FOR the second time in three years, Georgina and Hamish Wallace, Trefusis, Tasmania, have been crowned grand champion title in the 17th Australian Fleece Competition, in Bendigo today.
The prestigious win beat nearly 420 entries in the largest fully measured fleece competition in the world, ranking an impressive 97.1 points, out of a possible 100, for the top title – the highest score in the competition’s history.
“We’ve come from a traditional Saxon superfine flock and we decided in 2009 we needed to make some significant changes with where the wool market was at,” Ms Wallace said.
“We embraced the changes and knew we were going to suffer a couple of years of pain with losing traditional Saxon ram buyers.
“I licked my wounds but at the end of the day it proves we have persevered and we are starting to see some results.”
In 2015, Trefusis took out the grand champion title with a productive ewe fleece.
“To win grand champion for two years in the last three proves that if you believe in what you’re doing and work hard, through thick and thin, you will get there,” Ms Wallace said.
“If you have strong beliefs in what you’re doing, you will succeed, no matter the field you are in.”
Also securing the Most Successful Stud Exhibitor award, Ms Wallace was “thrilled” with the Tasmanian team’s success.
“We’re a small fish in a big pond – to win two years ago was exciting, this year I cried again,” she said.
“To win the grand champion fleece out of so many fleeces is phenomenal - I am thrilled.”
Their win was a close call ahead of fellow Tasmanian exhibitor, Roxford Pastoral, who, with their outstanding Polwarth fleece, won Reserve Champion award, scoring 97 - a mere .1 behind the Grand Champion.
This is the first time in competition history that a non-merino fleece has claimed a major award.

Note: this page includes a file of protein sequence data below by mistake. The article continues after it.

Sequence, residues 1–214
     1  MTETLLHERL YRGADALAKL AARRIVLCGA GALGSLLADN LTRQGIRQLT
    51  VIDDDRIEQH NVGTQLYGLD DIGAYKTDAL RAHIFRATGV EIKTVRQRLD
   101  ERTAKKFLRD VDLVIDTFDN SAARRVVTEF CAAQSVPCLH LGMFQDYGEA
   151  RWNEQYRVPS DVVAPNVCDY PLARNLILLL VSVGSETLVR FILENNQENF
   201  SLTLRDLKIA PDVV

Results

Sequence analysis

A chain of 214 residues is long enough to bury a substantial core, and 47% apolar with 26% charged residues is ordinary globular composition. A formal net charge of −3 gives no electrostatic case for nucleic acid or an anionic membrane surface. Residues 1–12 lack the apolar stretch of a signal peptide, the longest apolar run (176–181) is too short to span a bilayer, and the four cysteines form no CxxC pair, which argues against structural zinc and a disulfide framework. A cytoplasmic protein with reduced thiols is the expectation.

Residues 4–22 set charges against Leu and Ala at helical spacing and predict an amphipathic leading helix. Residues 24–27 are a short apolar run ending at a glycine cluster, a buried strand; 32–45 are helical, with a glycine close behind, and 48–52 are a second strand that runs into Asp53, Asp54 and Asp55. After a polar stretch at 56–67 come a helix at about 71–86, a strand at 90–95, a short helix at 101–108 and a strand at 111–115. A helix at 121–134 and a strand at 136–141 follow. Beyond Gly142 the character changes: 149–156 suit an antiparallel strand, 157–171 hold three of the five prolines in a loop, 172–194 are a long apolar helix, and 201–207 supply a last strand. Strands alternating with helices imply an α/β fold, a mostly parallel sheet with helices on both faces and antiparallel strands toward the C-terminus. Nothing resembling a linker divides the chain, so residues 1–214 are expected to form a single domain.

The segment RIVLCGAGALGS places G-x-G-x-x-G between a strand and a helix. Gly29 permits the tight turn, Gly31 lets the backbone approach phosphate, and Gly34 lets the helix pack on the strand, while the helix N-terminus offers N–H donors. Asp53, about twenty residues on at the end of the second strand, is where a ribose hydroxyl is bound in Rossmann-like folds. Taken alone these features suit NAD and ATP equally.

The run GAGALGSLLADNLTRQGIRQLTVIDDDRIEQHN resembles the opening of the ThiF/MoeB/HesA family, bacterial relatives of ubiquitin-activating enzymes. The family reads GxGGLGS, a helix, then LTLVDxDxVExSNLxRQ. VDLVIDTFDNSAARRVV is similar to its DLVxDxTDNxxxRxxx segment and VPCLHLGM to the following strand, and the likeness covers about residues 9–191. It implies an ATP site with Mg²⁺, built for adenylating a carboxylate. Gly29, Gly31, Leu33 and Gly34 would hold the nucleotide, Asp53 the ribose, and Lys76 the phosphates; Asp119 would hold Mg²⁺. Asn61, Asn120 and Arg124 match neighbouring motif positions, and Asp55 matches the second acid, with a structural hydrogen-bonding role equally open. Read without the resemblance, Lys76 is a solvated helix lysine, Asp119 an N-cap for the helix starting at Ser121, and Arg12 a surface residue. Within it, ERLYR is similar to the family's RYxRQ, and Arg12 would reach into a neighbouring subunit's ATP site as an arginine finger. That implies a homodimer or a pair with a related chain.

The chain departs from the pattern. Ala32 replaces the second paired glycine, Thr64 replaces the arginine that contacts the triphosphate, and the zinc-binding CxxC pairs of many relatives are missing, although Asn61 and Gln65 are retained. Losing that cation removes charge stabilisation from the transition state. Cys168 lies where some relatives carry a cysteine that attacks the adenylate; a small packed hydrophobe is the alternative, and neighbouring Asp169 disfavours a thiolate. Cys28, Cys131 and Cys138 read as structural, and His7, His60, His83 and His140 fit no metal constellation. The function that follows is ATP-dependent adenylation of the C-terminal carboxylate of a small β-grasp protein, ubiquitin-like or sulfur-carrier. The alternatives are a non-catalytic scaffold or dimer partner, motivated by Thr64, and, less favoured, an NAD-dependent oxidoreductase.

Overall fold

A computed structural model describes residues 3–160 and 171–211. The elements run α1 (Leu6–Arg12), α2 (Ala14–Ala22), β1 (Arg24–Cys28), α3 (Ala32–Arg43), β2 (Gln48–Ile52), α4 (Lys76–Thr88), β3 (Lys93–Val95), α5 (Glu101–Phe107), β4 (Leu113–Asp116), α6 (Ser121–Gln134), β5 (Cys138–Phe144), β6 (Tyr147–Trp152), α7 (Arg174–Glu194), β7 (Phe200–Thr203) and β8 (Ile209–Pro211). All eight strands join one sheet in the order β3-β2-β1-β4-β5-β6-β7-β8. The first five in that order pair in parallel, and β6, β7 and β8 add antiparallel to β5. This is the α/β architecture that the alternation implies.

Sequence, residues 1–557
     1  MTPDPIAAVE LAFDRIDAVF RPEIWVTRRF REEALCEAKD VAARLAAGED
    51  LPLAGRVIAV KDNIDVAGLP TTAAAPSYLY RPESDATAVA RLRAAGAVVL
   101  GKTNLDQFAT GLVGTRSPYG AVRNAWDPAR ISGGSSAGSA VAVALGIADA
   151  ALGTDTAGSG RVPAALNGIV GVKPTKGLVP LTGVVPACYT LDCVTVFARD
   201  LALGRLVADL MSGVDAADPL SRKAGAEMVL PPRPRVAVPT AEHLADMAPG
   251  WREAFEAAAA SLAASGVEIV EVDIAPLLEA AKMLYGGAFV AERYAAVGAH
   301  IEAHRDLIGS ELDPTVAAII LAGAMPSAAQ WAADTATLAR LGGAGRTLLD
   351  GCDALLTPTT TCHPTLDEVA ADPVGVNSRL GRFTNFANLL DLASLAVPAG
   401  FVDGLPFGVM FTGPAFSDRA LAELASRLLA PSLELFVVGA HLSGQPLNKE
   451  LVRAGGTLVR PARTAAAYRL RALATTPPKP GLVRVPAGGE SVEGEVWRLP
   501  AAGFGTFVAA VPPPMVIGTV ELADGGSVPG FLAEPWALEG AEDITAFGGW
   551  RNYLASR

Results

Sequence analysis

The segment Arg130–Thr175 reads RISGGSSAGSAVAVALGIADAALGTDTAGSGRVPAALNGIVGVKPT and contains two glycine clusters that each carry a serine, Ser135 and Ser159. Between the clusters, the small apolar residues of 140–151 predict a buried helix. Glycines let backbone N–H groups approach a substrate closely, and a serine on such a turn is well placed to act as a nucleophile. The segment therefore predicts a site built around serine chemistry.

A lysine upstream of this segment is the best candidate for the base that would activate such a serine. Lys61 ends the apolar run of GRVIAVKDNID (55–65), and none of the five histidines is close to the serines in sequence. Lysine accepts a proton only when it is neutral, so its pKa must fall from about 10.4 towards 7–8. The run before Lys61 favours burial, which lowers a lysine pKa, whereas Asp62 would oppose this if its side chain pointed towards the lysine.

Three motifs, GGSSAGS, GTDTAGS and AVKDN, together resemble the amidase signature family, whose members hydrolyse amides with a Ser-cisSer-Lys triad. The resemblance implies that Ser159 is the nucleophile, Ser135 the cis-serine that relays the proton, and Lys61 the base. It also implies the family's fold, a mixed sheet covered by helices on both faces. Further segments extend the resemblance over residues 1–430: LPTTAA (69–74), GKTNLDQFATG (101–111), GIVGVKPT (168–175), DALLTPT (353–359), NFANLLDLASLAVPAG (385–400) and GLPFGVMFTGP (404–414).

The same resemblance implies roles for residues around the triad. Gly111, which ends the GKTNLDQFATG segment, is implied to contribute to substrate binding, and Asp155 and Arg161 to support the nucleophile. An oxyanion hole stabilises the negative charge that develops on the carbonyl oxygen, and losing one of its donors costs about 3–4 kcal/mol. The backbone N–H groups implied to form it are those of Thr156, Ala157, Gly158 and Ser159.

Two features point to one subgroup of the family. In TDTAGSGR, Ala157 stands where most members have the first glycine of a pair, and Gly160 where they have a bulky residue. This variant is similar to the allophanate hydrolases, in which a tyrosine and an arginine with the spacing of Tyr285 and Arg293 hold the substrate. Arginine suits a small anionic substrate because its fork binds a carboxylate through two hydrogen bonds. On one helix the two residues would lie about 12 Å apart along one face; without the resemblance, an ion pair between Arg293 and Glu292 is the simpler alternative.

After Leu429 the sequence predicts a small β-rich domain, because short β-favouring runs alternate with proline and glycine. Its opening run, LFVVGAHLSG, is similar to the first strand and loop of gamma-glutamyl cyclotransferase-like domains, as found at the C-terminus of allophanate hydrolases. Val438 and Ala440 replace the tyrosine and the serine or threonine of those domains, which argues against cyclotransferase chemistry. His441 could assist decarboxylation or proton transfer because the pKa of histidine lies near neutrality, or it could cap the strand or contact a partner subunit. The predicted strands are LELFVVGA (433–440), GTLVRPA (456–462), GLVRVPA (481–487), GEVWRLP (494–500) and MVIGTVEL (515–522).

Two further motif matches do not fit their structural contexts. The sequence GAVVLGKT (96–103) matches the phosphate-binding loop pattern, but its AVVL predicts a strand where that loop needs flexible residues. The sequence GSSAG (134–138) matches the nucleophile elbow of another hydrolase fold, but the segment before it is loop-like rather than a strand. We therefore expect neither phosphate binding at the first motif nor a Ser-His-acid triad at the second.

The Tasmanian success continued, with RA McKenzie, “Beltana”, Tasmania, taking out both the Champion and Reserve Champion Commercial sections.
Competition judges, Australian Merino Export Company’s Chris Kelly and Landmark’s Matthew Thomas, praised the impeccable preparation of the fleeces which they said was reflected by the record high points achieved this year.
The judges praised exhibitors for their high level of presentation, particularly the reduction in skirting, skin pieces and brands.
“The effect of these inferior faults can be detrimental to processing performance, and the points deducted are telling on the overall points of individual fleeces,” Mr Kelly said.
With microns ranging from 11.8 to 47.4, competition convener Candice Cordy, Landmark, Bendigo, said picking the winning entry was a difficult task for judges.
“Commercial fleeces again comprised 50 per cent of entries this year, reinforcing the fact that the fully measured criteria is proving beneficial for growers,” Ms Cordy said.
“One of this year’s highlights was the fantastic display of Polwarth and Corriedale entries, as well as a large number of heritage and other breeds including Lincoln sand Romney.”
Almost two thirds of the fleeces on show were donated by exhibitors for auction at the completion of the competition, with proceeds donated to this year’s nominated charity, The OTIS Foundation.
The competition is run by the Australian Sheep Breeders Association, Australian Wool Testing Authority and Landmark, as part of the Australian Sheep and Wool Show.